Using Machine Learning for Predictive Maintenance Tasks
In this blog post we will be looking at a synthetic dataset that "reflects real predictive maintenance encountered in the industry". Our goal is to predict the conditions that cause a machine to fail based on factors like tool wear, torque, rpm, and temperature. Click here to see the source for this dataset. I will touch on the primary challenge I faced dealing with this dataset as well as what type of ML model seemed to show the most promise for this challenge.
I also need to emphasize that this was done as part of an educational curriculum for introducing people to machine learning. This means that I did not dive deep into things like dataset preprocessing and hyperparameter tuning to reach the results described here. With some more effort spent in these areas you should be able to achieve even better results.
The main issue I encountered while using this dataset was class imbalance. Out of the 10,000 entries in the dataset, 9,661 showed no machine failure (indicated by a 0) while only 339 were examples of machine failure (indicated by a 1). This means that the event of interest to us only occurs about 3% of the time which can make it very difficult for the model to learn what conditions are likely to cause machine failures to happen.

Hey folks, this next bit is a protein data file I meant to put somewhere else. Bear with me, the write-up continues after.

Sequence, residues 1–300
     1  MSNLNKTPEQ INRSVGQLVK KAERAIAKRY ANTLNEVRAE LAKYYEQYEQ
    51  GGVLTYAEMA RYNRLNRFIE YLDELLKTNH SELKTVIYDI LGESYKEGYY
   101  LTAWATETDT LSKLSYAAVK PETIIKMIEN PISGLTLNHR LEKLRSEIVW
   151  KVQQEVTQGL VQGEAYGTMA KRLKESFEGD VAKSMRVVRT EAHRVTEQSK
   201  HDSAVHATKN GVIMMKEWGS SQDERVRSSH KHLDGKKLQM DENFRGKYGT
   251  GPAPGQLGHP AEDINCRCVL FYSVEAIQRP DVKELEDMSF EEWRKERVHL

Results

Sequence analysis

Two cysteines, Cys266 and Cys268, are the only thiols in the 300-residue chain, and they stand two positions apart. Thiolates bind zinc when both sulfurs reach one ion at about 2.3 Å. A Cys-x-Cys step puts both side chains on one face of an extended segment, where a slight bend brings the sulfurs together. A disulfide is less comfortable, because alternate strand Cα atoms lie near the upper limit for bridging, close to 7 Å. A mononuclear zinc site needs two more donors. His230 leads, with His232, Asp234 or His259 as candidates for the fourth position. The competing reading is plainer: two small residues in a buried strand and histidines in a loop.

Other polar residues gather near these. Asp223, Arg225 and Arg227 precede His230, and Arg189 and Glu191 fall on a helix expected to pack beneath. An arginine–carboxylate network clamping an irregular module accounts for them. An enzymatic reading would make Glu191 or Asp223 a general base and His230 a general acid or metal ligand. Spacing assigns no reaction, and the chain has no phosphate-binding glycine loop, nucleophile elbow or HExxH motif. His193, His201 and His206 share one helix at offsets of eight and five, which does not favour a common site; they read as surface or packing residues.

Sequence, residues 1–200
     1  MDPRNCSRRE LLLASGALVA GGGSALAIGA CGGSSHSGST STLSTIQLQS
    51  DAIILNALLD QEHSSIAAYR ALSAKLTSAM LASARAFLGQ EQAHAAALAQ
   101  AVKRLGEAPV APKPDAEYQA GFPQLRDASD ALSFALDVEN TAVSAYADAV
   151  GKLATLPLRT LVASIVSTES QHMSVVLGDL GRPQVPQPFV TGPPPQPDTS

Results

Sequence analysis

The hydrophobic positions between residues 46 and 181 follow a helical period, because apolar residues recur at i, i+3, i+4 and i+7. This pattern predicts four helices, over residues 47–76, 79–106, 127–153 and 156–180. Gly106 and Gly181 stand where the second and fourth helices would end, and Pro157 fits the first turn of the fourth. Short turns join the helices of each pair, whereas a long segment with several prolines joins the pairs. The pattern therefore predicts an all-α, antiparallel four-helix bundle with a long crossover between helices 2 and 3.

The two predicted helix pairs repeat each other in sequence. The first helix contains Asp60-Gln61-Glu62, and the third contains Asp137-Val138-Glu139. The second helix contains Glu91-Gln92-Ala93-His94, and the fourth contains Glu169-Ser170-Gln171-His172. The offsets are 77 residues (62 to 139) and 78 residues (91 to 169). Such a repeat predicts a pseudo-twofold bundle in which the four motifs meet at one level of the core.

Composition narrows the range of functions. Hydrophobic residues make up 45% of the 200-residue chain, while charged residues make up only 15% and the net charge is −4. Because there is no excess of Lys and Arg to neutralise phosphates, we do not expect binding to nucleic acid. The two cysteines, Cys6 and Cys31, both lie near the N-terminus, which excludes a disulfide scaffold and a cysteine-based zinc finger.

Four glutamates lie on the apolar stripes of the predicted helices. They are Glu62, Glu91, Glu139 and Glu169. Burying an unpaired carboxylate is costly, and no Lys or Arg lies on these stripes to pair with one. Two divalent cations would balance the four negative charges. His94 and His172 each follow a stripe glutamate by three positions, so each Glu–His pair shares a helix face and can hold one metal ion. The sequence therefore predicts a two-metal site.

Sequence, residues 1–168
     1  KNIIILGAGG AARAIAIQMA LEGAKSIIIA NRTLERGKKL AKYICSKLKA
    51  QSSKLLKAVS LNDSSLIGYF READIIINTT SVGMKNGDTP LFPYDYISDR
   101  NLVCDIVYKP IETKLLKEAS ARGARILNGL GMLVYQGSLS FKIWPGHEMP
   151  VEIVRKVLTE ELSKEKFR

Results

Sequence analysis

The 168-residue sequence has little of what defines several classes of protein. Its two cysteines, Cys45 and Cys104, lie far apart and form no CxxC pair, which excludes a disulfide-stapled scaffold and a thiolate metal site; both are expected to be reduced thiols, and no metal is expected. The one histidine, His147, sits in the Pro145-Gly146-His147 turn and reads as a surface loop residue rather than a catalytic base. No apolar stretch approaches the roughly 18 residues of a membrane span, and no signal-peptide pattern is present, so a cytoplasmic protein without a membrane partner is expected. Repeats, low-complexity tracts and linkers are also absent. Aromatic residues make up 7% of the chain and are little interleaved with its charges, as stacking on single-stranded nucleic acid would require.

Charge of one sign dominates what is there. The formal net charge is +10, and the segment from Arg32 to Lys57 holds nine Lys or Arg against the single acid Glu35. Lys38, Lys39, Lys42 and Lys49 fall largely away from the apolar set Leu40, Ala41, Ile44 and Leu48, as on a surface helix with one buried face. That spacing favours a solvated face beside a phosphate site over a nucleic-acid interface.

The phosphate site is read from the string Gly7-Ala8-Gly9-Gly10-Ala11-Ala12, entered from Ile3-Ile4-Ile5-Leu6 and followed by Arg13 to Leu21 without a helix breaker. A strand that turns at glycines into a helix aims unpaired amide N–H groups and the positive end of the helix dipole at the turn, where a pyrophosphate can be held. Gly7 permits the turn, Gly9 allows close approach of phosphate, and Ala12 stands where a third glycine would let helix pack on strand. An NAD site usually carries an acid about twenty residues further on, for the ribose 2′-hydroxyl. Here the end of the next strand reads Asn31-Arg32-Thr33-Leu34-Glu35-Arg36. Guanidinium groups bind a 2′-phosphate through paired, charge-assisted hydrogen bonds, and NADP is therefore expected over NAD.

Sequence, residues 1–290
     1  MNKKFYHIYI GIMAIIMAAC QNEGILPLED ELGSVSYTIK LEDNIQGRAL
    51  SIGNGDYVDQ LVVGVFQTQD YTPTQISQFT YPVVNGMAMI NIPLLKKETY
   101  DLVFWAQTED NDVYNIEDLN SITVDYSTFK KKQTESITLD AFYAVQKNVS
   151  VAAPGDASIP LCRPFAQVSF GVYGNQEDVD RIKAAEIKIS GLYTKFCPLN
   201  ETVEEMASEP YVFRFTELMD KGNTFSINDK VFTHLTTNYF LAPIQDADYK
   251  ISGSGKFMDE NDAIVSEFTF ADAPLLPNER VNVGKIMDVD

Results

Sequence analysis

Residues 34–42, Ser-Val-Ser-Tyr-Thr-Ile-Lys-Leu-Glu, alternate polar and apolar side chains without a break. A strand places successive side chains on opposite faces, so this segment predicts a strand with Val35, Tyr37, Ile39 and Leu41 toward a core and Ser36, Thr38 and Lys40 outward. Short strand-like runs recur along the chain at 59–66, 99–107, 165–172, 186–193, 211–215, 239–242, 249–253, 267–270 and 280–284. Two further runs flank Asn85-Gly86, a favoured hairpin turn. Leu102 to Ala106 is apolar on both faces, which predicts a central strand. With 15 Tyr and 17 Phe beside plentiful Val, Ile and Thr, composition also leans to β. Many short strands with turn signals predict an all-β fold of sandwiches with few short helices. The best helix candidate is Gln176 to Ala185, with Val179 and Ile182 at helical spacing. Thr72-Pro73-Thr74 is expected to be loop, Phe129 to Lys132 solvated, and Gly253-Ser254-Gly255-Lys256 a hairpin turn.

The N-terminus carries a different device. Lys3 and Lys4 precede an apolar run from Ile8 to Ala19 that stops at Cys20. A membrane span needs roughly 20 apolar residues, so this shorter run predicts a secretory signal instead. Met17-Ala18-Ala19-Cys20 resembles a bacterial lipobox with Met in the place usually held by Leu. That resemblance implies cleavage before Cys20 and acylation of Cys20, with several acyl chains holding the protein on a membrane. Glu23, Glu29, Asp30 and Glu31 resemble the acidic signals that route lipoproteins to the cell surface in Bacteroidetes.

In these situations it’s very important to go beyond the accuracy metric to judge the performance of a model. For example, I found that the first logistic regression models I trained would always achieve 97.4% accuracy. While this would make us believe our model is doing a great job, creating a confusion matrix from our model predictions tells a different story.
When we look in the 1 column on the Predicted label axis we can see that the model never even tried to predict a machine failure. This means the model missed predicting all 13 machine failures out of our 500 test samples. We can further confirm this behavior by dividing 13/500 which gives us 0.026. 1.00 - 0.026 = 0.974 which is the accuracy I would always achieve with this model. A model that never bothers to try to predict a machine failure is useless to us despite the high accuracy.
Luckily scikit-learn, the python library I was using for this model, has a handy feature that helps with this situation. By passing the argument class_weight=’balanced’ to our model when we initialize it we are able to tell the model to put more weight, or importance, on the class that is underrepresented in our sample. If you look at the confusion matrix produced after training the class balanced model we see much more promising results. The accuracy is now quite a bit lower at around 70%, however we see that the model is now predicting 1s as well as 0s. While this is only scratching the surface of techniques one can use to deal with class imbalance, changing this hyperparameter was a big move in the right direction for producing a useful model.
Model Type Performance:
As mentioned before, all the models I trained represented starting points rather than fully explored options for training a predictive maintenance model. However, from what I saw it seemed that the XGBoost model did the best job out of the box. In this instance it achieved an accuracy of 98.7% and the confusion matrix showed that the model was able to predict the majority of machine failures in the test dataset without making a ton of incorrect guesses.